The University of Louisville and the Jewish Hospital Trager Transplant Center marked an important milestone on Wednesday – the 500th heart transplant performed at the hospital since the heart transplant program began there nearly 35 years ago.
“As we end American Heart Month, it’s the perfect time to share this wonderful news,” said Mark Slaughter, MD, surgical director of heart transplant for University of Louisville Physicians and Jewish Hospital, and professor and chair, Department of Cardiovascular and Thoracic Surgery, UofL School of Medicine.
Dr. Slaughter performed the 500th transplant on Feb. 21, on a 59-year-old man who had a left ventricular assist device implanted to support his heart until the donor heart was available for transplant. An LVAD is a surgically implanted mechanical pump attached to the heart.
The first heart transplant at the hospital, which was also the first heart transplant in Kentucky, took place on Aug. 24, 1984, performed by the University of Louisville’s Laman Gray Jr., MD. The state and region waited in suspense as 40-year-old Alice Brandenburg received a new heart. The surgery, which took seven hours, was groundbreaking at the time. The UofL and Jewish Hospital transplant team is one of the leading providers of organ transplantation in the country.
“Jewish Hospital is a place where miracles happen every day and patients’ lives are changed forever,” said Ronald Waldridge II, MD, president of Jewish Hospital. “Five-hundred hearts is much more than a milestone. It represents the life-changing impact on our patients, their families and the entire region. Together, with UofL, Jewish Hospital’s Trager Transplant Center is investing in research, technology and advance procedures to increase access to transplant services.”
On Wednesday, doctors and heart transplant recipients gathered at the Jewish Hospital Rudd Heart and Lung Center to celebrate the 500th milestone and the many lives that have been saved over the years thanks to heart transplantation.
“The 500th heart transplant is a reminder of the commitment by Jewish Hospital and the University of Louisville to provide advanced therapies for patients with advanced heart failure,” Slaughter. said. “We’ve come a long way since Dr. Gray broke ground with that first heart transplant more than 30 years ago. Every day, we continue to advance the science of heart transplantation here at UofL and Jewish Hospital. I’m excited about the future of this program, and I’m confident that we’ll mark a lot more milestones over the next 30 years.”
For Dr. Gray, Wednesday’s celebration marked decades of dedication to the heart transplant program.
“After performing the first heart transplant, it means a lot to me to see the 500th and where we are today,” Gray said.
Gray continues to research new ways to help patients with heart disease at UofL’s Cardiovascular Innovation Institute, a center focused on bio-adaptive heart innovations, including the integration of heart-assist device, biodfeedback sensors and related technologies. In 2001, Gray and the Trager-UofL surgical team implanted the first fully implantable replacement heart, the AbioCor.
Today, patients like Jeffrey McMahan continue to benefit from the heart transplant program. McMahan was the center’s 479th heart transplant, and he attended the celebration on Wednesday along with other recipients.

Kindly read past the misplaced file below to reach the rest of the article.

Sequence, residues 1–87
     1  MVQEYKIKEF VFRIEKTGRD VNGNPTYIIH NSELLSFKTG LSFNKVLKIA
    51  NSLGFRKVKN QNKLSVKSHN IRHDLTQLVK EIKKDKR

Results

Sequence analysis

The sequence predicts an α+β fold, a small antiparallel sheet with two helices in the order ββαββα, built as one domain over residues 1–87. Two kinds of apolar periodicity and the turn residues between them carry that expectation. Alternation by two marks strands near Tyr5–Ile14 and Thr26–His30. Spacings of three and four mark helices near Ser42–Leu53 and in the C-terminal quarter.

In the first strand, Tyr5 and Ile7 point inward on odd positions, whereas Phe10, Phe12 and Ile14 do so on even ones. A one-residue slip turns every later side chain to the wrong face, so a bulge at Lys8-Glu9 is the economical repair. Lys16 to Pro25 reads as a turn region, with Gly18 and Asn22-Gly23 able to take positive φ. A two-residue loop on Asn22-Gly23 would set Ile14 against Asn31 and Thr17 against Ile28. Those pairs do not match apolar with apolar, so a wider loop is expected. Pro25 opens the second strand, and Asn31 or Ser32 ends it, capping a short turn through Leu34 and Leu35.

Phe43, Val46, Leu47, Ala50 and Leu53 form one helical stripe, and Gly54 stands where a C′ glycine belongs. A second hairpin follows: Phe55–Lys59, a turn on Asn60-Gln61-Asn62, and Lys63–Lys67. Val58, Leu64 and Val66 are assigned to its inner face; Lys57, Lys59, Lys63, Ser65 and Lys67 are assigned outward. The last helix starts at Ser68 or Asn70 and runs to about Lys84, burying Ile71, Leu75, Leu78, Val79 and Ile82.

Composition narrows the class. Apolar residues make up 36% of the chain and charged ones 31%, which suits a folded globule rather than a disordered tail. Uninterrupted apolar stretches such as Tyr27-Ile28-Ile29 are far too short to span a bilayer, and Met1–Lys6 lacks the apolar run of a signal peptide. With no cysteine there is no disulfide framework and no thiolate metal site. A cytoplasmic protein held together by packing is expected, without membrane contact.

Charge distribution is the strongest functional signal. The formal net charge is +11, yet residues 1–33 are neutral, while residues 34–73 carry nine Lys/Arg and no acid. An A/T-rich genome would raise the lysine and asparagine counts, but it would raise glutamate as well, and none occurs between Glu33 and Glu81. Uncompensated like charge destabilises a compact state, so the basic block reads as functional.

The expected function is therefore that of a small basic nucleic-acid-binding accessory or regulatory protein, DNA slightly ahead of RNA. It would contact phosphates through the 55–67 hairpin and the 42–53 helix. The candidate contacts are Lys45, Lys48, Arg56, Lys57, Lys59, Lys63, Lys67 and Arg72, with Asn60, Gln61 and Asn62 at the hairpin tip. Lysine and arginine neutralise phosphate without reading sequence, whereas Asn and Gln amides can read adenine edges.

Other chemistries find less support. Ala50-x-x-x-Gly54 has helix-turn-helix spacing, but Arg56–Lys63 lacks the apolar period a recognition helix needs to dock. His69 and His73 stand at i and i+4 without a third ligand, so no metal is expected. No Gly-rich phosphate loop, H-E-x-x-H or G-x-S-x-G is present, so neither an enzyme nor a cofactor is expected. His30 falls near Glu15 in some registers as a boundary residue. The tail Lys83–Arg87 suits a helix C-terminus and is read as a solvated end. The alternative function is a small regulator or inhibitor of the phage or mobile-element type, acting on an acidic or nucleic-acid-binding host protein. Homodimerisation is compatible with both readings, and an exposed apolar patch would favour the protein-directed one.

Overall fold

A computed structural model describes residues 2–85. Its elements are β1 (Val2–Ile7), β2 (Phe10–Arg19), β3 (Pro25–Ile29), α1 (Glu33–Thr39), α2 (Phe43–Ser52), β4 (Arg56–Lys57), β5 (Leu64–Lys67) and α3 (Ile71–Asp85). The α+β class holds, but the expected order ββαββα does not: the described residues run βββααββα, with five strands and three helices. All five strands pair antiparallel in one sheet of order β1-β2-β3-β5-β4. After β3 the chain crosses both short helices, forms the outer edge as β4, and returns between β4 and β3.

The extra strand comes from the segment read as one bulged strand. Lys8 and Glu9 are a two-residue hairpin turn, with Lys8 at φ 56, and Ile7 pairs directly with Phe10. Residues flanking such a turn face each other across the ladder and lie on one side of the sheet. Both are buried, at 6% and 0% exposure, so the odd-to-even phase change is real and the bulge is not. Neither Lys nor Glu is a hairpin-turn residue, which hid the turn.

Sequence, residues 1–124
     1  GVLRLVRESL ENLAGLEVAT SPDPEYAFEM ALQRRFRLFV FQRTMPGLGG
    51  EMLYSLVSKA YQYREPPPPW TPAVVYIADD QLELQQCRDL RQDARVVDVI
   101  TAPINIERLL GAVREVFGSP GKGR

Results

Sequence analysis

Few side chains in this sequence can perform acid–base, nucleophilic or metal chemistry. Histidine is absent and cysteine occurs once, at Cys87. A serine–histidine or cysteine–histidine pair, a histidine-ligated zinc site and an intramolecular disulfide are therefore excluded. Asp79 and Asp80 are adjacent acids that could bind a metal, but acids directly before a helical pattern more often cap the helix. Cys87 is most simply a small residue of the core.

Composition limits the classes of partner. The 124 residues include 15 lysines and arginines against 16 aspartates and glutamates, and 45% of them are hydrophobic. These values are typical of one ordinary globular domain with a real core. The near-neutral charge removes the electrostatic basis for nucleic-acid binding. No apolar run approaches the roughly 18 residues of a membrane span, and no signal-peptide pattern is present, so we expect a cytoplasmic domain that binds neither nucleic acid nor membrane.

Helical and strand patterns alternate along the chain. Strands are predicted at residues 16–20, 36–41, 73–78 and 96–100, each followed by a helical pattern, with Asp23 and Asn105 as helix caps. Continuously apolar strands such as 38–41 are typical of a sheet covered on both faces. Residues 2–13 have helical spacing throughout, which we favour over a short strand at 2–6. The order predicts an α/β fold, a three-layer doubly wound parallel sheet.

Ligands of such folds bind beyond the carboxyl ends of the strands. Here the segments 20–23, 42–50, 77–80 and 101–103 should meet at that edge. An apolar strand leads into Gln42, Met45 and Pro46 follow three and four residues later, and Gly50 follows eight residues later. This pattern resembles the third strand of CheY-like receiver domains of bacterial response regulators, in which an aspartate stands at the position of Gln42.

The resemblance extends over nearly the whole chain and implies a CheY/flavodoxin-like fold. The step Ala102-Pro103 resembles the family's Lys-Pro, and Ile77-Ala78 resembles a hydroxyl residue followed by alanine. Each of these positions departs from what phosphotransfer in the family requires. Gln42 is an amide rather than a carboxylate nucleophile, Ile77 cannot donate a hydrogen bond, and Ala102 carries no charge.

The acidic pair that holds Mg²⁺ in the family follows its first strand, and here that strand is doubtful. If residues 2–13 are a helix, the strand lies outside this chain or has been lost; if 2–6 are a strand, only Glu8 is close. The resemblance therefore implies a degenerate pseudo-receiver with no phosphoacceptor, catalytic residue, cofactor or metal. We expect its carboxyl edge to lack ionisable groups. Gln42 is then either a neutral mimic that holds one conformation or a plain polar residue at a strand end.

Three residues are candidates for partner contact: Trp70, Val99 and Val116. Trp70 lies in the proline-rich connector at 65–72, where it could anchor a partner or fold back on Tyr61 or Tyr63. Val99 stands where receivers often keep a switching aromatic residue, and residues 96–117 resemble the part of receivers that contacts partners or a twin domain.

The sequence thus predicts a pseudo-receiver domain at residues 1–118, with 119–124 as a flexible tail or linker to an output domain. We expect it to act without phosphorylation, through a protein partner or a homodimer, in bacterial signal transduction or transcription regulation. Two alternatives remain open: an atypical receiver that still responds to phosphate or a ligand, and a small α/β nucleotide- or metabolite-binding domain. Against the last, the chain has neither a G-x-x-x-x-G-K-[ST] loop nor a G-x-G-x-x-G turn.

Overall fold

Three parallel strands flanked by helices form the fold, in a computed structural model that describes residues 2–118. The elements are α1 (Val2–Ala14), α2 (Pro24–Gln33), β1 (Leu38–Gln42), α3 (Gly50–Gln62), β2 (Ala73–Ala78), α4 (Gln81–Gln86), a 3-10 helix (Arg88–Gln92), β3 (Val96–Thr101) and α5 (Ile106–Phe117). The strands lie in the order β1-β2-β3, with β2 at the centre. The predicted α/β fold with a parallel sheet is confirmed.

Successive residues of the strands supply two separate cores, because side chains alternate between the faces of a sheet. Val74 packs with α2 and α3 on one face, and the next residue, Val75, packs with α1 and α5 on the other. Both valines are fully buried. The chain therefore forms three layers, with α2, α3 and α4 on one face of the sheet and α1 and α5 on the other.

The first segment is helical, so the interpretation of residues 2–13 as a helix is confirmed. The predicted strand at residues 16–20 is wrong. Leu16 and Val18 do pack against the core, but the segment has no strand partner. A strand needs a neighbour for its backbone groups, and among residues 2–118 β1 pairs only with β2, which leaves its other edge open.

Before his heart transplant, McMahan, 61, was no stranger to the procedure – it had helped save many of his family members. The Memphis, Indiana, resident had four family members receive heart transplants – two by University of Louisville surgeons at Jewish Hospital. In 2015, McMahan learned he, too, needed one.
“I was serving in the military at Fort Knox when I developed a cough,” said McMahan. “It finally got bad enough that doctors flew me to Jewish Hospital, where I was diagnosed with a cardiomyopathy, a condition where the heart muscle is weakened. I learned that I would need a transplant in the next 10 years, but that timeframe quickly changed to 10 months after my condition worsened.”
On Aug. 15, 2015, McMahan was added to the organ donor transplant list. A month later, he received the transplant that forever changed his life.
“I wouldn’t have lived without the transplant,” McMahan said. “It means a lot to be here to celebrate the 500th. I’m forever thankful to the transplant team that helped save my life and gave me more time with family.”
It has been an exciting year for the Jewish Hospital Trager Transplant Center and University of Louisville team. In December 2017, the center – a joint program with the UofL School of Medicine and KentuckyOne Health – broke its all-time record for number of organs transplanted in the center’s 53-year history, with 175 organs transplanted in a year. The center also achieved several other milestones in 2017, including its 5,000th transplanted organ, its 3,000th kidney transplant and its 900th liver transplant. In addition to Kentucky’s first heart transplant, the program is known for performing Kentucky’s first adult pancreas, heart-lung and liver transplants.
But the 500th heart transplant and other milestones wouldn’t have been reached without organ donors, noted David Lewis, director of Transplant Services at the Jewish Hospital Trager Transplant Center.
“We often encourage people to sign up as organ donors to help save lives. The need for organ donors is unfortunately greater than the number of people who donate, so each day, an average of 20 people pass away while waiting for a transplant in the United States,” Lewis said. “Knowing that we have helped save 500 people in need of a new heart is a wonderful feeling, and it would not be possible without the donors and their families.”
Video of the first heart transplant at Jewish Hospital is available online.